5. Whereas, by your living with us, the first and immediate fruit – (let me insert here that ‘fruit’ is like ‘day’, and the ‘olden things’ championed by MLAs of the old mould is like ‘night’) – is that you will set the example: You will be ‘et ton taak’, and would compel each and every government teacher, doctor, nurse; SDO, SDC, clerk, peon; DSP, fireman and policeman, postman, electrician, water-carrier, sweeper … you name it … all government servants to follow the example of her/his elected representative, and live in ‘their place of posting’. In a way something like you living in ‘your place of election’!
6. If you were present in the constituency 24x7x300 (Why 300 days? Because we’d never question 65 days for Lamka/ Imphal/ Delhi and a week’s holiday away from it all). If it were so, the result would be: every government school – no matter how remote or small – would have their headmasters and teachers; every PHC their doctors, nurses and water-carriers … all. Yes, ALL! Need i elaborate? i think not, for we all know!
7. Now a very very big side-benefit, the most beneficial for all of us small-non-government-job-holding-hill-folks would be that the rural remote and hill economy – the RR&HE – would change OVERNIGHT! Because, to feed all government servants and their families now living in and around us, we’d now gladly grow the best organic vegetables and fruits this side of Aden.
8. Consequently, the owners of Tata 207s and 407s would themselves make – without the need of waiting for PWD work/annual plans - roads right up to our villages to take our produce to every nook and corner of the state! Pretty soon, the highways would need to grow 4-lane for heavy trucks to ship our ginger, potatoes, hill-cabbages, bananas, pineapples and very soon tea, coffee and spices … And we’d grow rich on and of our own. So much so you’d never need to buy votes! More importantly, we’d regain our humanity, honour, self-respect and dignity … things that – we will dare say - you’ve helped us lose.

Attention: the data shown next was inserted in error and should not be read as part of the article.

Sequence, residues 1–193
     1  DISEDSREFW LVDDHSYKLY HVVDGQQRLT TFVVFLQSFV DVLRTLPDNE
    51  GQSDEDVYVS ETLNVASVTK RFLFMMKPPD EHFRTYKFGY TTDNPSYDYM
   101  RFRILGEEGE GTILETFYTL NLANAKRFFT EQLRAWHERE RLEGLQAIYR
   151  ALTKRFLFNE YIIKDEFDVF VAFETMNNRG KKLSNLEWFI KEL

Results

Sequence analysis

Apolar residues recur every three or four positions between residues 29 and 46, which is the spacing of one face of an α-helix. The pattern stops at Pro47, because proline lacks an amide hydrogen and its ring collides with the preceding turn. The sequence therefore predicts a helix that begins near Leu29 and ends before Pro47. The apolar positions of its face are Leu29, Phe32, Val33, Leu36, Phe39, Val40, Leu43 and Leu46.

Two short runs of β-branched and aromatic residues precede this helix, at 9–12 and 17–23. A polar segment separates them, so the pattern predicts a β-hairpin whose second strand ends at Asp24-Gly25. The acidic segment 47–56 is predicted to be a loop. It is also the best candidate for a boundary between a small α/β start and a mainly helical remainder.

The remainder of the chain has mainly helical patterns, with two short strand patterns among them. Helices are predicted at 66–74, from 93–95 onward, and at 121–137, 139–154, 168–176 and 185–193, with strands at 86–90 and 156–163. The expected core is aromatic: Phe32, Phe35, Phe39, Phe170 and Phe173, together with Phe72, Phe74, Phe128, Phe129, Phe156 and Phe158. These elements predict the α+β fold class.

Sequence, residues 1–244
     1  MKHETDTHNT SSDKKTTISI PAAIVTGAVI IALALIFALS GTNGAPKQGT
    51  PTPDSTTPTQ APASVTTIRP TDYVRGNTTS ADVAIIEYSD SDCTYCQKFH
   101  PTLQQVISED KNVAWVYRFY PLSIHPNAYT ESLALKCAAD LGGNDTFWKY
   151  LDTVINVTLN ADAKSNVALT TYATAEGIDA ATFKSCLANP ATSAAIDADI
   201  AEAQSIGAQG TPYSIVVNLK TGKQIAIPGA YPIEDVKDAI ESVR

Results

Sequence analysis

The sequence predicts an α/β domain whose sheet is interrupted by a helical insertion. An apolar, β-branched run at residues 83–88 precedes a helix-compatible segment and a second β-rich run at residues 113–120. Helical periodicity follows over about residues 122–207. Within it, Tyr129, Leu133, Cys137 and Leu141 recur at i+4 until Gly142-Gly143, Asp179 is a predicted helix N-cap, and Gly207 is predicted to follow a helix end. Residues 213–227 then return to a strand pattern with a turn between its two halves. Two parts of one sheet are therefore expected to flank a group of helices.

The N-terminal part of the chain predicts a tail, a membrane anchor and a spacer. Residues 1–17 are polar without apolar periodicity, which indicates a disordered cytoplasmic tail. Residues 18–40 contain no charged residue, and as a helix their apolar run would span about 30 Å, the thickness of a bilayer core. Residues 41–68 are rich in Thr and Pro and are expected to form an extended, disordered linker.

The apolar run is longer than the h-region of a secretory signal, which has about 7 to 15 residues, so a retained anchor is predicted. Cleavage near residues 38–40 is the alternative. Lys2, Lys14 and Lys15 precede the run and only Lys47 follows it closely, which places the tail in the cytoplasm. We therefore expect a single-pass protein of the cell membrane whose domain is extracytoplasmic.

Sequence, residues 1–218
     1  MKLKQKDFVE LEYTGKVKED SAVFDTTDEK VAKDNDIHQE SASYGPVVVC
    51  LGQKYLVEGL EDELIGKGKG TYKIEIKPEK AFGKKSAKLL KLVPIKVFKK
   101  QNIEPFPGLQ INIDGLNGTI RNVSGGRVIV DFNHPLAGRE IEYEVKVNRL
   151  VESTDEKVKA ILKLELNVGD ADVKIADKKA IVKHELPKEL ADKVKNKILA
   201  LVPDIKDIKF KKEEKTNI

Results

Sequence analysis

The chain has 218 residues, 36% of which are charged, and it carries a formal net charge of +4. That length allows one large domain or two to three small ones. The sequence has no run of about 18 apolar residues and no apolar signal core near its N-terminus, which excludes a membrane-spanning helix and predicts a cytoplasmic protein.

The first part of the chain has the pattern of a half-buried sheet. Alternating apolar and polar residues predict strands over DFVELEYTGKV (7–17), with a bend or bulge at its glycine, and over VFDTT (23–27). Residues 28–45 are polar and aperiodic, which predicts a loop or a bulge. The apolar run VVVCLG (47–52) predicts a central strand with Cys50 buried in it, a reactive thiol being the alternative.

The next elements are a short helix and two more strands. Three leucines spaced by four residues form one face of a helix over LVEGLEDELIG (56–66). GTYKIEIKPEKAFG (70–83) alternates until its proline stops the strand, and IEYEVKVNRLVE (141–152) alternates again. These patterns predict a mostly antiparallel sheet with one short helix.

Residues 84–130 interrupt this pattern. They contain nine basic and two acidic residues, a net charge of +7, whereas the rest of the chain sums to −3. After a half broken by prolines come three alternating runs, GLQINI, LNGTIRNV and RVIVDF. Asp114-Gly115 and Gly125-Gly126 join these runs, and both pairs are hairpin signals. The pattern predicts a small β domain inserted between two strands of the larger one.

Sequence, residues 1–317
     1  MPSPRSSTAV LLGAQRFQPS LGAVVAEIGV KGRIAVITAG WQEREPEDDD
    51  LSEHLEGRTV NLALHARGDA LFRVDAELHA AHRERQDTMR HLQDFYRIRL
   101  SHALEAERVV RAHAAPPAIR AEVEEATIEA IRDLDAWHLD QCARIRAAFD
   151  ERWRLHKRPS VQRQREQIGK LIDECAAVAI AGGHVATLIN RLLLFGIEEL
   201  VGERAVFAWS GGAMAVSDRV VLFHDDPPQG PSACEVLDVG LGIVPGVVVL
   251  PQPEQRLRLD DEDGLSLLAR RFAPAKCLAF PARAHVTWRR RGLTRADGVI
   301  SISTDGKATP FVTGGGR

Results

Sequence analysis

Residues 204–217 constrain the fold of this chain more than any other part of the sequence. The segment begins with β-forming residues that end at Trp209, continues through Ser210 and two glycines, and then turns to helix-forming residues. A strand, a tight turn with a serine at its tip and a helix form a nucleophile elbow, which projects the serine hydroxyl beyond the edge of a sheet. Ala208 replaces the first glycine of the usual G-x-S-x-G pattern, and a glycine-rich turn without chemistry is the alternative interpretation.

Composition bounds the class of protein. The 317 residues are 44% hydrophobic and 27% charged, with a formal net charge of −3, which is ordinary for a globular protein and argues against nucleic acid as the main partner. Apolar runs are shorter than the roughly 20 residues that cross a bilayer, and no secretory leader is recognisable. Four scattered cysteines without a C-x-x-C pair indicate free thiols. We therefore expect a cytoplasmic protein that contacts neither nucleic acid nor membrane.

9. Our hills would be heady with the sweet aroma of mosquito repelling lemongrass (hence, at long last, malaria-free … without the need of big money national eradication programmes) while international perfume houses would queue up to strike deals with us hill-folks. Many hill slopes would be covered by colourful orchards laden with Nagpur-beating oranges from Tamenglong and Tipaimukh. There’d soon be Himachal/Kashmir-beating apples high in Tengnoupal, Ukhrul, Mao and Kaihlam range of Churachandpur. There’d be Kachai-envied lemons and even Nasik-beating grapes being exported from the hills of Manipur.
10. Yes, Pu MLA, we’d give up jhuming in a jiffy because we’d become well-to-do organic food growers. And exporters!
11. Also, in a few years … 2-3 years at the most … our hills would be the greenest and cleanest with the purest air and water. We’d have health and wealth and the good life.
12. And, yes, Pu Ramesh - chiefly because we are used to much harder work for very little returns … mere pittance - we’d now naturally and quite effortlessly put India miles ahead in the race for the largest green-footprint on Planet Earth …
Ah! Pu MLA-
*if only you would give up your old ways, and if you could just for 5 years follow the drift of our dreams … the hills is where the future is!
*If only it would dawn on you that decentralization is not the un-sound belief that bureaucratic power be decentralized and dispersed … but that you be where you were always supposed and meant to be … in your home in the heart of your constituency. Then, and only then would the centres of power shift, a true paradigm shift!
You need not be at Imphal, even if you are a Cabinet Minister! All you need to do is pick up your mobile and call up the Secretary /Commissioner (Works) or (Health) or (Education) or (Power) to come by late afternoon, stay overnight in the Sub-Divisional Guest House and over dinner solve the constituency’s problem(s). You’d be surprised that in the blink of an eye your long deprived folks would have good roads, hospitals, schools, power stations (not necessarily electricity as we know it), along with all modern amenities. All these would surprisingly be still within the same budget. How? Because you’d be where the money has to be spent, seen and made to be spent.
* If only …